Ralph Sprenkels, NIMD’s programme manager for Guatemala, El Salvador and Colombia, was interviewed by Belgian newspaper De Morgen. The article is about violent gangs in Central-America and the migration of the youth to the USA, in the hope for a non-violent life. You can read the full article (in Dutch) here.
In the media
Below you find articles, audio fragments and video’s by several different media mentioning NIMD.
Senior programme manager for Latin America Heleen Schrooyen was interviewed by Vice Versa for their article on the Dutch international development cooperation policy in South America.
On 4 April 2014 Programme Manager South Caucasus and Georgia, Kati Piri, was interviewed by Roelof Hemmen on the Dutch radio station BNR Nieuwsradio.
‘Form Political Parties With National Character’
Mr Otoo was speaking at a workshop for representatives of political parties selected from Ghana, Malawi and South Sudan in Accra, which was jointly organised by the Institute of Economic Affairs (IEA), Ghana Political Parties’ Programme (GPPP) and the Netherlands Institute for Multiparty Democracy- Africa Regional Programme (NIMD-ARP).
The former Attorney-General, who spoke on the sub-theme: ‘Understanding Politics in Ghana’ during the event titled: ‘Issues-Based and Ideologically Founded Party Politics,’ noted that political parties in the two countries must endeavor to organize primaries to enable their supporters elect their leaders and avoid the selection and imposition of political leaders on supporters.
‘Political leaders must be voted for within every political party,’ he said.
Denis Aywok Yoy, who represented the Sudan People’s Liberation Movement-Democratic Chair, in a speech, said after the independence of South Sudan, the ruling party-Sudan People’s Liberation Movement had managed the country single-handedly despite the roadmap drawn by the South Sudan Political Parties Conference.
He said the ruling party had failed the South Sudanese people.
‘That is evident by the widespread corruption in most state institutions as indicated by the list of 75 top corrupt officials, disappearance of funds from the President’s Office and the case of the Cabinet Affairs and then Finance Minister, followed by nepotism, tribalism, lack of freedom of expression and deliberate political parties marginalization,’ he added.
He spoke on the sub-theme: ‘Understanding Politics in South Sudan’ during the event.
Dr Blessings Chinsinga, who spoke on behalf of Malawian delegates on the sub-theme, ‘Understanding Politics in Malawi,’ noted that there had been strained relations between the Executive and Parliament in Malawi over the past few years.
He further noted that political parties in Malawi were divided along regional and tribal lines.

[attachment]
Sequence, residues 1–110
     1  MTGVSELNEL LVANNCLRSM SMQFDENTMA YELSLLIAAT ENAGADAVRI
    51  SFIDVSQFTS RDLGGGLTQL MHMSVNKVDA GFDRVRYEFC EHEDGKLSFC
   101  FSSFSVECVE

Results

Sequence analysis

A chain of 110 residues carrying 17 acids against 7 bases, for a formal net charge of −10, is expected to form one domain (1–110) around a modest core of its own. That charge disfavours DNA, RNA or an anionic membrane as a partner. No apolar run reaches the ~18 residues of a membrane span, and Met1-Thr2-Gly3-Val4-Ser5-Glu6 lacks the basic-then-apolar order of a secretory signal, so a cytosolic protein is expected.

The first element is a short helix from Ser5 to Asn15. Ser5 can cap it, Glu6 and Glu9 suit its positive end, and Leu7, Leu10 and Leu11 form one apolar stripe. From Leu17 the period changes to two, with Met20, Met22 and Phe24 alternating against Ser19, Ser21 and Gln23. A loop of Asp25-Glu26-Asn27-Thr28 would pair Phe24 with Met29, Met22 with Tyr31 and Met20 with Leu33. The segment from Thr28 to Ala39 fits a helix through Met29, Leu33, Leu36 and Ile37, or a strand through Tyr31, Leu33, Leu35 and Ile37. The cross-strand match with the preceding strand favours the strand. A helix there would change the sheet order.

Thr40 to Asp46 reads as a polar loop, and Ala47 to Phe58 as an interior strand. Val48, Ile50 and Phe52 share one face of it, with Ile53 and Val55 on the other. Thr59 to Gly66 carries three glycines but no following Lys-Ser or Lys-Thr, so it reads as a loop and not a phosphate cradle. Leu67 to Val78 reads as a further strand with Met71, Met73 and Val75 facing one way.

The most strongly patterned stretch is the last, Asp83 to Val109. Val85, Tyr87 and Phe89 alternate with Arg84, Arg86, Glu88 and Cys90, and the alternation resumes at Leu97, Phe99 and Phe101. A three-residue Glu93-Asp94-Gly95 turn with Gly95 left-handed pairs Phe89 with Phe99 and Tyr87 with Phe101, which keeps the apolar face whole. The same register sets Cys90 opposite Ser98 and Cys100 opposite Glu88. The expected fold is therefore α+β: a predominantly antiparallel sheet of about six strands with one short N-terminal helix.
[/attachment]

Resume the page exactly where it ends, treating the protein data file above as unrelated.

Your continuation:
The event was aimed at assisting Malawian and South Sudanese political parties to learn how political parties in Ghana have embraced issue-based politics and how to build on their ideological orientation.
It was attended by 12 delegates from Malawi and three from South Sudan.
The Malawian delegation was led by Hon. Khwauh Msiska.
The South Sudan delegation had no leader because the three delegates represented the ruling party, the opposition party and the South Sudan Civil Society Group.
Re-strategize Political Programmes – Jerome Scheltens
He stressed the need for political parties to re-strategize their programmes to make their ideologies clear to the electorate and international bodies. By doing so, political parties in Africa and across the world would be viewed as legitimate and accountable, he said.
Mr. Scheltens was speaking at a workshop for representatives of political parties in Ghana, South Sudan and Malawi, which was jointly organized by the Institute of Economic Affairs (IEA), Ghana Political Parties’ Programmes (GPPP) and the Netherlands Institute of Multiparty Democracy-Africa Regional Programme (NIMD-ARP) held at the IEA.
Mr Scheltens, who spoke on the sub-theme: ‘Deconstructing misconceptions about electoral manifestos, political platforms and programmes: what is it and what is it not,’ further noted that political parties, in drafting their programmes and ideologies, should outline the means by which they would achieve economic growth instead of promising the electorate economic growth itself.
‘Everyone loves economic growth, so don’t say to your electorate you want economic growth, point out how you would achieve economic growth when you win election,’ he said.
Mr. Scheltens noted that political parties across Africa and the world should endeavor to be realistic with their programmes and their ideologies. ‘Make clear what you stand for and endeavor to understand that it would take you sometime to reach your target,’ he added.
According to him, governments and political parties in Africa and the Americas do not have clear programmes and ideologies. He said programmes of political parties must not replace personalities and added that there was the need to sustain political parties’ programmes and ideologies.
‘Don’t build your party so that when you are gone, the party should also be gone,’ he said.
A senior lecturer at the Department of Political Science, University of Ghana, in a speech, noted that past and present governments of Ghana had failed to follow development plans set out by the National Development Planning Commission (NDPC).
The General Secretary of the ruling National Democratic Congress (NDC), Johnson Asiedu Nketiah, also in a speech, called on all political parties in the country to educate their supporters on their ideologies to enable them understand what the objectives of parties.
‘We need to carry our party members along with training to enable them understand the ideologies and core beliefs of our parties,’ he added.